R&D Tax Relief: SME and RDEC basics

R&D Tax Relief: SME and RDEC basics

The R&D Tax Relief Scheme was introduced in the U.K. in 2000 to support and reward companies undertaking the costly and sometimes onerous business of research and development. This guide aims to give you an idea of how to assess your client’s R&D tax eligibility, and how WhisperClaims can help you do this in a straightforward, consistent and time-efficient way.

Scheme Eligibility

SMEs can claim R&D tax credits through the SME scheme, which is open to solvent registered companies with fewer than 500 staff, and a turnover of under €100m or a balance sheet total under €86m. As long as they’re doing eligible R&D (more on this later…), there are no other hoops to jump through! For claim periods starting after 1st April 2023, loss-making SMEs who spend more than 40% of their total expenditure on qualifying R&D can qualify for the R&D intensive SME rate. 

Companies with more than 500 staff, or a turnover of over €100m and a balance sheet total over €86m, must claim a Research and Development Expenditure Credit (RDEC).

Details of the current rates of relief can be found here, but as a general rule SMEs can claim up to 15-27% of eligible expenditure, and Large Companies can claim 20% of eligible expenditure.

What is an eligible project?

But what is eligible expenditure? We’ll get to that soon, but first we have to work out what an eligible project is, which can be the hardest part of claiming R&D tax credits, and depends on several HMRC definitions. Basically, you need to show that your client’s projects:

  • aimed to make an advance in an area of science and technology

  • involved technological uncertainty

  • made efforts to overcome this uncertainty

  • couldn’t have been easily worked out by a professional in the field

But wait! What is an advance? And, for that matter, what is a technological uncertainty?

These are HMRC’s terms, and have fairly straightforward definitions:

Technical or Scientific Advance: a project outcome that creates an advance in an overall field of science or technology, not just for your client’s business or sector.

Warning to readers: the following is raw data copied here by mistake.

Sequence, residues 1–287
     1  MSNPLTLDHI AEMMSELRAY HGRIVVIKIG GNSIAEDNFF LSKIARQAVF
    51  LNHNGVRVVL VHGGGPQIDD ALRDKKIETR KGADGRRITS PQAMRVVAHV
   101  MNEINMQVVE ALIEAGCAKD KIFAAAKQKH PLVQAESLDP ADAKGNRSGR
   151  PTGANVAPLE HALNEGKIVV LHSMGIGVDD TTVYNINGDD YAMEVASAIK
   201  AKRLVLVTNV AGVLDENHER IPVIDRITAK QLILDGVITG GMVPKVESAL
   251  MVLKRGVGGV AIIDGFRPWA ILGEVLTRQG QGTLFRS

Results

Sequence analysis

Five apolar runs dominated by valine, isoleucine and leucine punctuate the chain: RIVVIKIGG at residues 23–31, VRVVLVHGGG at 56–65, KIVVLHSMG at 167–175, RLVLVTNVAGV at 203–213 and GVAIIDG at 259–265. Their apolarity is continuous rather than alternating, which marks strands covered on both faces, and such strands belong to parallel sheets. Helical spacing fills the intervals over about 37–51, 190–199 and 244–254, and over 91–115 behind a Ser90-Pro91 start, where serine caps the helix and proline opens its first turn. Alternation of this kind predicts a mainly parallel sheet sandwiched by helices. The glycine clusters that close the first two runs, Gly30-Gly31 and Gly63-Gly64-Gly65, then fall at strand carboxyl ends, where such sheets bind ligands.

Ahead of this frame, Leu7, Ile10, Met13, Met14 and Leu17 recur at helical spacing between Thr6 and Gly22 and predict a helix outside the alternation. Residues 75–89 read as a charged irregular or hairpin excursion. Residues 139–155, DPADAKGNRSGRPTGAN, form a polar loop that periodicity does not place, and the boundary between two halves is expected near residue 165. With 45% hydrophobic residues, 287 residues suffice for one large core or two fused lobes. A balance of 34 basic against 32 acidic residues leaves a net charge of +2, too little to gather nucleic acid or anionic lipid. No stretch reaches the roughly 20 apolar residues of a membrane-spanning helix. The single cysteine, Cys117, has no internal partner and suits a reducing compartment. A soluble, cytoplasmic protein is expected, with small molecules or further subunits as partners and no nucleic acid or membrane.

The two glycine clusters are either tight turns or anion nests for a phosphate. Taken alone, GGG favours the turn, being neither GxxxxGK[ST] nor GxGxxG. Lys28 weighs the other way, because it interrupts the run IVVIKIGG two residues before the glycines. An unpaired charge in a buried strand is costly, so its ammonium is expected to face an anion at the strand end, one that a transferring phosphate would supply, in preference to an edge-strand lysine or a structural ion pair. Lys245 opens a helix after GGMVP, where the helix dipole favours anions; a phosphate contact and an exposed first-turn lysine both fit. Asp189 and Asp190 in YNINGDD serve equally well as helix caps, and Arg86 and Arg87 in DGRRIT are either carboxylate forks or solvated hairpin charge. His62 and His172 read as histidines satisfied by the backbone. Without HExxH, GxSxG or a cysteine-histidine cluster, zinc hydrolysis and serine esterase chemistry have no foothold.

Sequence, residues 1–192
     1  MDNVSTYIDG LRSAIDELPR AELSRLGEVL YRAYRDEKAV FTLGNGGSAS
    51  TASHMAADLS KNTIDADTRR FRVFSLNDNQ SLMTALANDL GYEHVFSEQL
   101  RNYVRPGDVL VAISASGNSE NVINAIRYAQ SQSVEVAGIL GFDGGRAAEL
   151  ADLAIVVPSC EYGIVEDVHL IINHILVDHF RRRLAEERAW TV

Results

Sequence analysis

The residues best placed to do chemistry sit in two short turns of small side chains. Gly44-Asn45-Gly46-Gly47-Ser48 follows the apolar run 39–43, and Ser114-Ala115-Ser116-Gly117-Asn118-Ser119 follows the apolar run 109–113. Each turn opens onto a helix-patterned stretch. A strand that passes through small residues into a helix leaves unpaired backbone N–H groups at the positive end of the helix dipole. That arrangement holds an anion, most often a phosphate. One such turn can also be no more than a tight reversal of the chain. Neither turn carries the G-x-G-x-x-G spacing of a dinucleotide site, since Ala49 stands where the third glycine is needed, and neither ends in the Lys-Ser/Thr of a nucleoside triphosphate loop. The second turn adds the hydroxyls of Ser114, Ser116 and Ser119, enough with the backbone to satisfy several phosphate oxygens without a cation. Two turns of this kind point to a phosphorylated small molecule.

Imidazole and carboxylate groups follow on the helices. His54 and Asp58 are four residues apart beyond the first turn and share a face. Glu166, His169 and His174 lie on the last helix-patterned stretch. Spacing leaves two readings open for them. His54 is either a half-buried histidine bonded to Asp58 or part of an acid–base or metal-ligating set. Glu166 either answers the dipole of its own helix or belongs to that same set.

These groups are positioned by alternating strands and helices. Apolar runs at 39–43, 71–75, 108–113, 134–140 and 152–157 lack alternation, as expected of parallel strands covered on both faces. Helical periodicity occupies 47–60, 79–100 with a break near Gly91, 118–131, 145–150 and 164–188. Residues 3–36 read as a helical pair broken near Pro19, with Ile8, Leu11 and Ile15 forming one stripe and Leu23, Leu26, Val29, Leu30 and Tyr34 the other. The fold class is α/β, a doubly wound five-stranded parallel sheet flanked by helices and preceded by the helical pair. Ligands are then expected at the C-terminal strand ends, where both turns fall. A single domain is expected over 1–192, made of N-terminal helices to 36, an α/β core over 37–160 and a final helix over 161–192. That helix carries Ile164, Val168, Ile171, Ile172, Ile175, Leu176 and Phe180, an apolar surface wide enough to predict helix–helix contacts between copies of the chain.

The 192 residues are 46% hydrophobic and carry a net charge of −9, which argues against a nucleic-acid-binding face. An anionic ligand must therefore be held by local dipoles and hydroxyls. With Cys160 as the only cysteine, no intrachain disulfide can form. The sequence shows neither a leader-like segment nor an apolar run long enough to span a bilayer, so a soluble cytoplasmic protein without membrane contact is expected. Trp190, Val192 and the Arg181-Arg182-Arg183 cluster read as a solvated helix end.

Technological Uncertainty: something that isn’t known to be scientifically or technologically feasible at the beginning of the project – basically, if your client is a technical specialist in their field and isn’t sure that they can achieve the scientific or technological aims of the project, you’ve got technical uncertainty!

What is eligible expenditure?

So, now that you’ve worked out which projects are eligible for R&D tax relief, you need to identify your client’s eligible costs associated with the work. These fall into five main categories:

  • Staff costs, including pensions and bonuses

  • Subcontracted costs

  • Raw material costs

  • Utility costs

  • Software costs

The main things to remember when collating costs is that the total figures must line up with your client’s P&L account, and HMRC expects apportionments to R&D projects to be fair and reasonable.

Here’s a quick worked example:

Company A employed four people to work on their eligible R&D projects. Each of these people was paid a salary of £25,000, and spent around 40% of their time carrying out project-related activities. The company also spent £100,000 on raw materials during the claim year, of which 25% was consumed by R&D activities. The company also paid for a licence for specialist software for use in the R&D projects, costing £3000 in the claim year.

So, what would the total eligible cost be?

CostTotal for the claim yearApportionment to R&DEligible cost
Raw materials£100,00025%£25,000
  Total eligible expenditure£68,000

How and when do you claim R&D tax credits?

The R&D Tax credit scheme enables your clients to reduce their corporation tax liability, get a refund of tax that has already been paid, or, in the case of loss-making companies, receive a tax credit. To claim R&D tax relief, all you have to do is fill in certain boxes in your client’s CT600 Corporation tax return form.

The timelines for claiming R&D tax credits are strict – you must submit any claim within two years of the end of the accounting period in which the work took place. HMRC will not process any claims submitted after this deadline.

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